It would be a convenient lie to say that I am an atheist because of rationalism, reason and the application of logic. I was an atheist well before I had any idea what those things were. I know that many people like to argue that everybody is born an atheist, and of course, in a sense that is true, but I like to differentiate between being ignorant of religion, and the realisation that it’s false.
I grew up almost completely unexposed to religion. My mother is a Quaker, and sometimes took me along to meetings, but I had no idea what they were, other than a bunch of “old people” sitting around occasionally speaking; not appealing to a 6 year old.
My first school had no religion classes, and I knew nobody religious. I didn’t even know what the word “god” meant for most of this time. But then I changed schools to a (public) school that did have almost compulsory religious (Christian) education classes. If you’ve never been told the stories of Adam and Eve, or Moses, or Jesus’s birth, miracles and resurrection, until an age when you’re starting to think for yourself (10), I think it’s inevitable you’ll be suspicious of such stories. It only took a month of such classes (once a week) for me to realise it was just rubbish. The volunteers taking the classes were unintelligent and uneducated, and the stories were as believable as any of the mythology books we had at home.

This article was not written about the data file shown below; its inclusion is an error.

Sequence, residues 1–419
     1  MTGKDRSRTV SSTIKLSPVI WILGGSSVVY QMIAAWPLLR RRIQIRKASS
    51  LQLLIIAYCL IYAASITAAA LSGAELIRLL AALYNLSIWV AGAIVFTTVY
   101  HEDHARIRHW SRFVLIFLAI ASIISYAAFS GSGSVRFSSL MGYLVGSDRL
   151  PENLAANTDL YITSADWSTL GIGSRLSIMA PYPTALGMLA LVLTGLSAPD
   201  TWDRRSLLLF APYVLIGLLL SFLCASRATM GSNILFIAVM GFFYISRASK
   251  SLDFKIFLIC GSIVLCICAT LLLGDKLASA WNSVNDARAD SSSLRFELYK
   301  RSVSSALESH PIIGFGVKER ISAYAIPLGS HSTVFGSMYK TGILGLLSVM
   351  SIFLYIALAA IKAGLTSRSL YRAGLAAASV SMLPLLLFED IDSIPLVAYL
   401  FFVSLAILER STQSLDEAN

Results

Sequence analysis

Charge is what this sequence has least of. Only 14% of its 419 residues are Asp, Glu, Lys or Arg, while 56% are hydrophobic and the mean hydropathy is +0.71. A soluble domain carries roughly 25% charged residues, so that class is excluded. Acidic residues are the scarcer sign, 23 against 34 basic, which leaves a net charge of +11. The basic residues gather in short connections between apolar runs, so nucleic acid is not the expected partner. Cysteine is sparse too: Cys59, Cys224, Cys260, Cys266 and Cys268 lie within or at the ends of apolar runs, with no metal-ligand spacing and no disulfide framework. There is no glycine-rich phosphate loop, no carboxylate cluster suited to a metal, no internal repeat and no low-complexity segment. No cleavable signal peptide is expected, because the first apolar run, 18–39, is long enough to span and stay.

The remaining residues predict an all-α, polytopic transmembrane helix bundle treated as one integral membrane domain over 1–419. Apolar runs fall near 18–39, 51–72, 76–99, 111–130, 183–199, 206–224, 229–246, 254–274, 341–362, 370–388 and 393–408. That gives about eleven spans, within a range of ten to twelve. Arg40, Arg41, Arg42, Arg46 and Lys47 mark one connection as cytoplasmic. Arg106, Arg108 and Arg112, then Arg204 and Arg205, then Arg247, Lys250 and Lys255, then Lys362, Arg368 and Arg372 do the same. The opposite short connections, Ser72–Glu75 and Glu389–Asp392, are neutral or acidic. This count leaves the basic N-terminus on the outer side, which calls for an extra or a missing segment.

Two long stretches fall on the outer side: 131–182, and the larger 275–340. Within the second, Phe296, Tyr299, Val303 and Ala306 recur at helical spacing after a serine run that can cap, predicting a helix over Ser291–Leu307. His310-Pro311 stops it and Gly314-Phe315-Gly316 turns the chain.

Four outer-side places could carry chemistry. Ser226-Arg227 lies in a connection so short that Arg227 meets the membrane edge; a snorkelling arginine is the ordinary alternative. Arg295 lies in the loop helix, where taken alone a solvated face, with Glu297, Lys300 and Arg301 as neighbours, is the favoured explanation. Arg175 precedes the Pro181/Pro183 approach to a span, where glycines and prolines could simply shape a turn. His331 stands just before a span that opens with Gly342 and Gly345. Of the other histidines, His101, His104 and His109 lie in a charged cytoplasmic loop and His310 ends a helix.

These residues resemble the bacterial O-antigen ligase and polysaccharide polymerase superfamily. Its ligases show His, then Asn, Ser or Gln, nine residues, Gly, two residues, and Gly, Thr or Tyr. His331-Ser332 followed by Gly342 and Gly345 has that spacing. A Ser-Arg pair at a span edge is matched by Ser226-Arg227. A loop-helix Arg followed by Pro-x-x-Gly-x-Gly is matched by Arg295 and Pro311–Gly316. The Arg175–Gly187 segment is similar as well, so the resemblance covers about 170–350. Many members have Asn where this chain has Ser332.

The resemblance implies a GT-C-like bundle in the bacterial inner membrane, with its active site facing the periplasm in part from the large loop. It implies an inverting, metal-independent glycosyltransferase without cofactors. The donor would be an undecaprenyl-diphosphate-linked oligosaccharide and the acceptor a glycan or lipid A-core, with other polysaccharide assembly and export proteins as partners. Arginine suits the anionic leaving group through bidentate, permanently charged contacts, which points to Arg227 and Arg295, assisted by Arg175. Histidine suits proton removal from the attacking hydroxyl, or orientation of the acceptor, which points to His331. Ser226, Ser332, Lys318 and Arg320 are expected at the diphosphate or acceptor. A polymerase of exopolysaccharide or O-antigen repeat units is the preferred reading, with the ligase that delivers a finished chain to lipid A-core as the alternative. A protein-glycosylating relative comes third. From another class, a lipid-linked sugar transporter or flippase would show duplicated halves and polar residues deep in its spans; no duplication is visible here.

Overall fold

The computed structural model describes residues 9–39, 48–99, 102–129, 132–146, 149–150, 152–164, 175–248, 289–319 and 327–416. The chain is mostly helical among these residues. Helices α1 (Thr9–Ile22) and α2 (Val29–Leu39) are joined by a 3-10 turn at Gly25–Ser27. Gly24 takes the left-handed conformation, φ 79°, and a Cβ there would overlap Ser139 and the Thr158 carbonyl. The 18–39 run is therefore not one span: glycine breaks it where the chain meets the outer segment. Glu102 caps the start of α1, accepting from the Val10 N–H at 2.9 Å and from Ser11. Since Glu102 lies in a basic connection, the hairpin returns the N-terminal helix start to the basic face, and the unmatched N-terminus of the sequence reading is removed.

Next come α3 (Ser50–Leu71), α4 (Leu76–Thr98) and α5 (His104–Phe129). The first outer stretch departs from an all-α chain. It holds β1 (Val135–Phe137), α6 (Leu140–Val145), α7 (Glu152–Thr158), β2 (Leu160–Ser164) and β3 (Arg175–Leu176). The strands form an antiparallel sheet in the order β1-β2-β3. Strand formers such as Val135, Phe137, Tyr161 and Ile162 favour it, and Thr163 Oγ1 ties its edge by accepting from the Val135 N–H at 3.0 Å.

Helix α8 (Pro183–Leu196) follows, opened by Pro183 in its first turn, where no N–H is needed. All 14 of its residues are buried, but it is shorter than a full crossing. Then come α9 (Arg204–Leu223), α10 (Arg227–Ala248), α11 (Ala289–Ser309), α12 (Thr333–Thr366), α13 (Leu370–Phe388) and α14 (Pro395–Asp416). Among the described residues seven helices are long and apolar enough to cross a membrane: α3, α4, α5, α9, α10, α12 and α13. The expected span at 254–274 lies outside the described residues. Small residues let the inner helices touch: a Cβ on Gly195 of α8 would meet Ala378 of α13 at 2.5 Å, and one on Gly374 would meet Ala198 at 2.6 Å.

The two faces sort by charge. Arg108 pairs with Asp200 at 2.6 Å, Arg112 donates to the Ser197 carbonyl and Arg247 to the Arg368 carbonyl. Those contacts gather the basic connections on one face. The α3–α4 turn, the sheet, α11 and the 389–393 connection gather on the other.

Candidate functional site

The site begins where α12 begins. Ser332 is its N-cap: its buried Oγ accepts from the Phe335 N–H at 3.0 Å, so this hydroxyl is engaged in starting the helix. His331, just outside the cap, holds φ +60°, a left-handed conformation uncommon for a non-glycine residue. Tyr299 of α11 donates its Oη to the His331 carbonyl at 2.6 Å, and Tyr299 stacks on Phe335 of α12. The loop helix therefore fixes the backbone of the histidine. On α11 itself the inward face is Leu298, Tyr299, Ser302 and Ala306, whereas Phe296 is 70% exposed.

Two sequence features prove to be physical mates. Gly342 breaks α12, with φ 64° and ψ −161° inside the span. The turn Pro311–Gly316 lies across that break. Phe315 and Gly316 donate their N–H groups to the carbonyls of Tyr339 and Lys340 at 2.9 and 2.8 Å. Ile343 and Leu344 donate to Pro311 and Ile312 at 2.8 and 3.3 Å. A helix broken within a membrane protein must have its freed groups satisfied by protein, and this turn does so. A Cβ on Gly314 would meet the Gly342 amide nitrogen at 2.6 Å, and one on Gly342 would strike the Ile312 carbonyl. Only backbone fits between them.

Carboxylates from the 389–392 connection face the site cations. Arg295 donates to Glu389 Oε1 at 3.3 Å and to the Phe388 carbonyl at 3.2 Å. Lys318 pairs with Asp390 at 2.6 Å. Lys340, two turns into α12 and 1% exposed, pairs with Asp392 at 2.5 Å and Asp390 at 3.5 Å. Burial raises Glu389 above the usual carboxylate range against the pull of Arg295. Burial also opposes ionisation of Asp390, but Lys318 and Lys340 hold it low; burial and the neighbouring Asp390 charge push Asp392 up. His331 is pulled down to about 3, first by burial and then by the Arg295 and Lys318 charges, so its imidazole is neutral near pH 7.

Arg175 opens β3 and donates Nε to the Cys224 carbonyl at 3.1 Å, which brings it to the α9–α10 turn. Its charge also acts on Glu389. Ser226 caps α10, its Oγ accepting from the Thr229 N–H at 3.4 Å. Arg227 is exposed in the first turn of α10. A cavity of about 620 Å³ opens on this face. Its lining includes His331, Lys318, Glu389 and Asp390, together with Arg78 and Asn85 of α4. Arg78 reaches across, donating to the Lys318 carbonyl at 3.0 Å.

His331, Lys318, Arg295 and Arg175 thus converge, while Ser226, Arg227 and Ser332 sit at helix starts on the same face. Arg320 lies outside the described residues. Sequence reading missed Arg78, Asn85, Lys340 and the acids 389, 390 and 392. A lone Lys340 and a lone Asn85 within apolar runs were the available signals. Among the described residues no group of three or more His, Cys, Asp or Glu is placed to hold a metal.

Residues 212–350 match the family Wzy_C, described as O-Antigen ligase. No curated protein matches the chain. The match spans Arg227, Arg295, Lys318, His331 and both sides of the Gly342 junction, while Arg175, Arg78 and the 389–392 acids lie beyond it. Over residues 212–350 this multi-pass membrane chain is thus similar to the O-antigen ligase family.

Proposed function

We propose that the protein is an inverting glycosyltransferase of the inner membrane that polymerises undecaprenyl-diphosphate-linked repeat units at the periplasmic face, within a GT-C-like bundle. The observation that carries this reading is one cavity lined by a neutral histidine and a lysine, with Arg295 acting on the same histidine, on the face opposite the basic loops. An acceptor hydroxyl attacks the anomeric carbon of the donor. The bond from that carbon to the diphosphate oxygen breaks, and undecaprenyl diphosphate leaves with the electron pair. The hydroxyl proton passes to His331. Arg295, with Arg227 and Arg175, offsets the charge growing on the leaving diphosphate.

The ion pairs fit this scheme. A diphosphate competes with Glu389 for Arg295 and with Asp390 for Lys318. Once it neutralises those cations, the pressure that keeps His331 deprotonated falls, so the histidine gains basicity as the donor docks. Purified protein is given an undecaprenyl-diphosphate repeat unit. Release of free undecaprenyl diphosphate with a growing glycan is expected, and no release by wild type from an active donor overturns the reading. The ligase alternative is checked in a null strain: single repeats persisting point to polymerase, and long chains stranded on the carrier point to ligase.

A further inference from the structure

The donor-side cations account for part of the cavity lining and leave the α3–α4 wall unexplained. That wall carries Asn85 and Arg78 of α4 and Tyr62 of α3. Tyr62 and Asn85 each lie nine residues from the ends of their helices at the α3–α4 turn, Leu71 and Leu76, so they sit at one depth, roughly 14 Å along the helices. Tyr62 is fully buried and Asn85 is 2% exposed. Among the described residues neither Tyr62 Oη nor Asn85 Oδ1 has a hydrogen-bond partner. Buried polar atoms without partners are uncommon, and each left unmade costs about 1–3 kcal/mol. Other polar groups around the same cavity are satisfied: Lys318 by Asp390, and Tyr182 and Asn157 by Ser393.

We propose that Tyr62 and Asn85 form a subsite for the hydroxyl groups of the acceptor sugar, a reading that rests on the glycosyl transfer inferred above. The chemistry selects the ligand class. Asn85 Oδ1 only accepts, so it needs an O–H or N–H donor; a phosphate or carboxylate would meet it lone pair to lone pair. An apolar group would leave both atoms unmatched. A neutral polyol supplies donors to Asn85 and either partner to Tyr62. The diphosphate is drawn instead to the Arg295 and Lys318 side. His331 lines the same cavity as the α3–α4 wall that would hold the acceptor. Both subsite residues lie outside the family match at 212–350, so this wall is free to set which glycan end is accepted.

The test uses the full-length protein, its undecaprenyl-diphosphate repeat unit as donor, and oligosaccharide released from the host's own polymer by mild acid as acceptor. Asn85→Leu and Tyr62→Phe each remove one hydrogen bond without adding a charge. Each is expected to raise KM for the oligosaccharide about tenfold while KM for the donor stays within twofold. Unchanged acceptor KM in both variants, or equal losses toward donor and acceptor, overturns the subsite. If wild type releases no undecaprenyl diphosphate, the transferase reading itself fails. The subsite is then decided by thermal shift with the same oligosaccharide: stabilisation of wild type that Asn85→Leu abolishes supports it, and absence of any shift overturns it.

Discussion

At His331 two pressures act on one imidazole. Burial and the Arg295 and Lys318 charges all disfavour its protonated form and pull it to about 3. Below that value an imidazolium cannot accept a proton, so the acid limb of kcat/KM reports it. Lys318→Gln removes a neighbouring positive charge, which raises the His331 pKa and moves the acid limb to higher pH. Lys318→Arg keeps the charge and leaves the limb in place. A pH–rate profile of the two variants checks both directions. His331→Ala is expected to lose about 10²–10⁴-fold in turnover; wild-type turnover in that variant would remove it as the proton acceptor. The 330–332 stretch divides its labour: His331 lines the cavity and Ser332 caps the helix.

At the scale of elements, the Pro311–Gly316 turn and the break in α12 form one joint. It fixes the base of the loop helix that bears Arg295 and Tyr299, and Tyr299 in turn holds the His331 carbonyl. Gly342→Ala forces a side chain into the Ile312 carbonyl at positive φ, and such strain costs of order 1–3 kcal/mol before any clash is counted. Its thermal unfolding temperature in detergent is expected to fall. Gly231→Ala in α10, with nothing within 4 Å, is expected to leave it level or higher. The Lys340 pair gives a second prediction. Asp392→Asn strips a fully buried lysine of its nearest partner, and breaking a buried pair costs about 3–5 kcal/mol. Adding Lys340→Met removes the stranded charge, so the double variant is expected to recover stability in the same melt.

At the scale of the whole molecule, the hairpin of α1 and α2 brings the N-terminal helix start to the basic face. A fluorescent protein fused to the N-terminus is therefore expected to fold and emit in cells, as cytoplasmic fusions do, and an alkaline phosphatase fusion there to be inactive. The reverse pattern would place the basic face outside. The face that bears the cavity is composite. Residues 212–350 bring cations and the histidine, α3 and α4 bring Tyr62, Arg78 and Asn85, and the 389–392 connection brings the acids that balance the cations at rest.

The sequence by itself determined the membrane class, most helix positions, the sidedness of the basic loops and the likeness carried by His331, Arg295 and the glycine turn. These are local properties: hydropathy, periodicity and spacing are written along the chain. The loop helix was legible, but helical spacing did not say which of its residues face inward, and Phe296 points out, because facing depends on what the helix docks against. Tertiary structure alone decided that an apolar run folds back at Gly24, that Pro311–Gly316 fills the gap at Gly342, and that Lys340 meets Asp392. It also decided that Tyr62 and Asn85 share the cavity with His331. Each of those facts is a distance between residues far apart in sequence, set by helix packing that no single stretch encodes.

At this point, I asked my parents if I could stop attending the classes, which they agreed to, and my life as an atheist activist began, as the (public) school fought hard to prevent me from not attending those classes. Eventually they relented, and I was allowed to spend an hour once a week in the library. I know in Australia now, with the push for ethics classes as a replacement for religious classes, there are many complaints about sending the non-religious students to the library with nothing to do, but for me, that was probably when I started to become such a prolific reader, so in hindsight it was an incredibly valuable experience.
I’m very glad that I came to atheism, and to atheist movements, at such a young age, and basically by myself. I see many atheists now who I think dogmatically accept philosophical concepts for which no proof or evidence exists; “burden of proof,” and various logical “fallacies,” that are actually just names of types of arguments (ad hominem springs to mind). My experience taught me not to believe people, just because they say something is true, but to examine it closely, and make my own mind up. Religion is just a tiny facet of the subjects I apply that critical thinking to.